Manganese(IV) oxide (manganese dioxide) is used in dry cells, and can be used to decolorize glass that is polluted by trace amounts of iron. Manganese compounds can color glass an amethyst color, and are responsible for the color of true amethyst. Manganese dioxide is also used in the manufacture of oxygen and chlorine, and in drying black paints.
The most stable oxidation state for manganese is +2, and many manganese(II) compounds are known, such as manganese(II) sulfate (MnSO4) and manganese(II) chloride (MnCl2). This oxidation state is also seen in the mineral rhodochrosite, (manganese(II) carbonate). The +3 oxidation state is also known, in compounds such as manganese(III) acetate, but these are quite powerful oxidising agents.
Naturally occurring manganese is composed of 1 stable isotope; 55-Mn. 18 radioisotopes have been characterized with the most stable being 53-Mn with a half-life of 3.7 million years, 54-Mn with a half-life of 312.3 days, and 52-Mn with a half-life of 5.591 days. All of the remaining radioactive isotopes have half lives that are less than 3 hours and the majority of these have half lives that are less than 1 minute. This element also has 3 meta states.
Manganese is part of the iron group of elements which are thought to be synthesized in large stars shortly before supernova explosion. Manganese-53 decays to 53Cr with a half-life of 3.7 million years. Because of its relatively short half-life, 53Mn is an extinct radionuclide. Manganese isotopic contents are typically combined with chromium isotopic contents and have found application in isotope geology. Mn-Cr isotopic ratios reinforce the evidence from 26Al and 107Pd for the early history of the solar system. Variations in 53Cr/52Cr and Mn/Cr ratios from several meteorites indicate an initial 53Mn/55Mn ratio that suggests Mn-Cr isotopic systematics must result from in-situ decay of 53Mn in differentiated planetary bodies. Hence 53Mn provides additional evidence for nucleosynthetic processes immediately before coalescence of the solar system.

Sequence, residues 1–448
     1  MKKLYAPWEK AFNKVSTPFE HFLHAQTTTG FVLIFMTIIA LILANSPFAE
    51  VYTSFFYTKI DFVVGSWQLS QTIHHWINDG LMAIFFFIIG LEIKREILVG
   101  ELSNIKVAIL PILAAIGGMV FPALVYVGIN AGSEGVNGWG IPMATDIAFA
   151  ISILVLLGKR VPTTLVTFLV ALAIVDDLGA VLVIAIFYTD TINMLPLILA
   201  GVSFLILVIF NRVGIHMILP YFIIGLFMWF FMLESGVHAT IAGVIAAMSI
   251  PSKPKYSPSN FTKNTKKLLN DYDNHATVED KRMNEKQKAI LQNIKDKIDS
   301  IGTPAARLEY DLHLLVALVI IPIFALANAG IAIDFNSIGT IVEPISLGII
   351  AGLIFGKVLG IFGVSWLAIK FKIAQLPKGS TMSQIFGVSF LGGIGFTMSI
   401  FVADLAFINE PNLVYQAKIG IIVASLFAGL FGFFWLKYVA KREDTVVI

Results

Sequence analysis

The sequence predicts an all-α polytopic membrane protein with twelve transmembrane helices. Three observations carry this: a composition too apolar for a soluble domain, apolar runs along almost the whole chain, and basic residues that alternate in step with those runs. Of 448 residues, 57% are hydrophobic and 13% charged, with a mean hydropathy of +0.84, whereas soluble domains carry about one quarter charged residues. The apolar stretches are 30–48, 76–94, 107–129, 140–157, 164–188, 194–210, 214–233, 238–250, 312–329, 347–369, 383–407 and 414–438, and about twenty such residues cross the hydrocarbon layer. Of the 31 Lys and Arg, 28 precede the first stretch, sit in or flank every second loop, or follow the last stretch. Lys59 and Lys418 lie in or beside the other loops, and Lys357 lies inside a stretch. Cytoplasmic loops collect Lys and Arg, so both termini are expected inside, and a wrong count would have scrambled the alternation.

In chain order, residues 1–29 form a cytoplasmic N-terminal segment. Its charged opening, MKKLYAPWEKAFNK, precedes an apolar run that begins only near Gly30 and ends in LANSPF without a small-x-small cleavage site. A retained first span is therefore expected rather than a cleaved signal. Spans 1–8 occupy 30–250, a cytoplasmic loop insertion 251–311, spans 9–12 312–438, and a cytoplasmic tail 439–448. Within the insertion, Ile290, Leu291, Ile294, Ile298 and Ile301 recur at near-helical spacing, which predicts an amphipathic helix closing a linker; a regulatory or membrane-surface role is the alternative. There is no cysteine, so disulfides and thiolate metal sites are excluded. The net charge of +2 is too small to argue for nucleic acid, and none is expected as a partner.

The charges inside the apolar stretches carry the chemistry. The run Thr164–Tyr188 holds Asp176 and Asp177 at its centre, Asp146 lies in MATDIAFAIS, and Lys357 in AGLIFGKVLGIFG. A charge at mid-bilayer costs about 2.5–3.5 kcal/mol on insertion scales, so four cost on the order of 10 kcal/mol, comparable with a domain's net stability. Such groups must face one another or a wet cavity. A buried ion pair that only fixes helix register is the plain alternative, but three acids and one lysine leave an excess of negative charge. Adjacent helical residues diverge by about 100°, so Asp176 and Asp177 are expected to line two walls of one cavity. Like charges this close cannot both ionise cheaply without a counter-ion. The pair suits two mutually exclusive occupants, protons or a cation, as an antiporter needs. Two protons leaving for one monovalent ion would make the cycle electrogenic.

The isotopes of manganese range in atomic weight from 46 amu (46-Mn) to 65 amu (65-Mn). The primary decay mode before the most abundant stable isotope, 55-Mn, is electron capture and the primary mode after is beta decay.
Manganese in excess is toxic. Exposure to manganese dusts and fumes should not exceed the ceiling value of 5 mg/m3 for even short periods because of its toxicity level.
Acidic permanganate solutions will oxidize any organic material they come into contact with. The oxidation process can generate enough heat to ignite some organic substances.
A form of Parkinson’s Disease-type neurodegeneration called “manganism” has been linked to manganese exposure since the early 19th Century. Allegations of inhalation-induced manganism have been made regarding the welding industry. Listed on the Hazardous Substance List, manganese is regulated by OSHA due to its high level of toxicity.